Why give chemotherapy before surgery if the tumour can already be removed as it measures 4 or 5 centimetres?
When a breast tumour is large in size, in general more than 3 centimetres in diameter, chemotherapy can be given before surgery for two reasons:
(A) on one hand to improve the possibilities of cure as from the very beginning we are treating possible foci of metastasis which cannot be seen but may exist;
(B) and also to perform conservative surgery, or in other words, remove just the tumour and give radiotherapy afterwards on the rest of the breast. Mastectomy can therefore be avoided as the tumour is reduced with chemotherapy, as otherwise it would be necessary if the tumour measures more than 4 centimetres. (There is no fixed limit of 3 or 4 centimetres to perform conservative surgery as this would depend on the total size of the breast).
After the operation, the surgeon says the patient should avoid moving her arm and the oncologist says the opposite. Why?
The surgeon is concerned that the scar or stitches will split. However it is necessary to move the shoulder carefully but continually from the day after the operation to prevent ankylosis of the shoulder due to pain (something that happens if the shoulder is not moved).
When should doctors do breast reconstruction surgery?
This can be done at any time other than when explicitly contraindicated by the doctor. In the past patients waited one, two or several years before reconstruction, but improvements in the technique and prognosis makes it unnecessary to wait for years to enjoy the psychological effect of reconstructing the self-image that has been lost through mastectomy.
Which is the best way to reconstruct the breast, with silicone or abdominal muscle?
Reconstruction with muscle from the abdomen or back would be better if it was not for scarring and these are more complicated operations.
The new silicone prostheses filled with serum pose little risk and give rise to few problems, although some cases of chronic inflammatory reactions have been seen. As they do not containFREE silicone they can be removed again if problems occur.
Will I be cured? When can I consider that I have been cured?
The overall percentage of patients cured of breast cancer that is diagnosed on time is 70%. This figure has improved over recent years. Breast cancer can recur (although rarely) 5 years after treatment with curative intent. Therefore doctors usually wait for 10 years of monitoring with sporadic controls to be able to ensure that the patient has been cured definitively. Nevertheless, we have to remember that as they get older women have a higher risk of suffering from a second cancer of the contralateral breast meaning that it is advisable to follow controls once a year for the rest of their lives.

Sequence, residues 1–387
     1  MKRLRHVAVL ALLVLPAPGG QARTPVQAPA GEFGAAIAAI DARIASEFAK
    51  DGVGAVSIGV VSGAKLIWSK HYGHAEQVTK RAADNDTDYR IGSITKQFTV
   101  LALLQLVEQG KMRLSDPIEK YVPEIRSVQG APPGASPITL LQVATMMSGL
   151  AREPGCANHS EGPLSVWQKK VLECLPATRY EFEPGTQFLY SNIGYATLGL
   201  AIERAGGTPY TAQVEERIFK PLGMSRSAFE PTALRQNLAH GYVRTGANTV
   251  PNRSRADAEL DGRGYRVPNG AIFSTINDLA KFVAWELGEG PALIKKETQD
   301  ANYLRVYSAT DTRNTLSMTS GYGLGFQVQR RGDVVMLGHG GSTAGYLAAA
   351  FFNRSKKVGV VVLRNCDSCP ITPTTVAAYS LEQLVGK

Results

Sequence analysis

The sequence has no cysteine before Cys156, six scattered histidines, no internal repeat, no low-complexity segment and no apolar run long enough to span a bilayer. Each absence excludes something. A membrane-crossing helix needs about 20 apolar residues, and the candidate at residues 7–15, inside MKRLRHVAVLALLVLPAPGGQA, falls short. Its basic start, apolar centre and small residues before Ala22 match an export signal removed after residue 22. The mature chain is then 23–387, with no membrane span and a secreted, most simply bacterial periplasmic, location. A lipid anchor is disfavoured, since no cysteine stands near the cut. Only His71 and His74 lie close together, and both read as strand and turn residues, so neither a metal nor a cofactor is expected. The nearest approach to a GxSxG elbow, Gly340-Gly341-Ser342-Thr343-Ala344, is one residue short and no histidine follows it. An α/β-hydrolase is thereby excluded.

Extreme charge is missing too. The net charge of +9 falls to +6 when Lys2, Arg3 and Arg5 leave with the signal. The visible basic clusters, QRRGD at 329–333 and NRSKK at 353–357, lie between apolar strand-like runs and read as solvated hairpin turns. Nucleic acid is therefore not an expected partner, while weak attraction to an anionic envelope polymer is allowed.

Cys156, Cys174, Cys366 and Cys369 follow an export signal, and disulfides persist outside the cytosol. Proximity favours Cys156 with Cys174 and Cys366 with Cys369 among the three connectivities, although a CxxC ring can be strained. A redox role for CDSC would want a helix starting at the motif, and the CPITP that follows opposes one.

What kind of checkups do I need to have? Would it be better to have more regular checkups?
In most health centres around the world it is recommended that after the initial treatment checkups are made every 3 to 6 months for the first 3 years, every 6 to 12 months for the next two years and once a year when 5 years have passed. The checkups should be complemented by breast self-examination once a month by the patient. The medical checkups should be simple, with a physical examination, questions on symptoms and an annual mammogram. Performing more checkups or complicating matters with new imaging tests and sophisticated blood analysis has not shown that a higher number of patients are cured due to an earlier diagnosis of the recurrences of the tumour.
Whatever the situation, the doctor’s experience is very important when choosing tests which will be of use.
Can I pass on any disease to my husband?
Absolutely not. No type of cancer can be spread even by the most intimateCONTACT, as there is always an incompatibility of cells between two people. People’s immunity makes this impossible.
Can I pass on the predisposition to cancer to my daughters?
Yes, especially if you suffered from cancer before the age of 50 years old and have other risk factors (see previous). In these cases younger daughters should have checkups with mammograms before the age of 40.
Can I have children after chemotherapy?
Yes, but not always as sometimes chemotherapy brings forward the menopause, menstruation disappears and fertility is lost. Something similar occurs when homonotherapy such as tamoxifen is taken for 5 years. On the other hand, if menstruation continues then it is perfectly possible to get pregnant. A complicated situation is when a woman has not menstruated due to chemotherapy or taking tamoxifen, as this can be a period when she can still ovulate. In this situation it is better to take other precautions as if a woman gets pregnant during treatment with chemotherapy (but not after) this can lead to malformations in the foetus.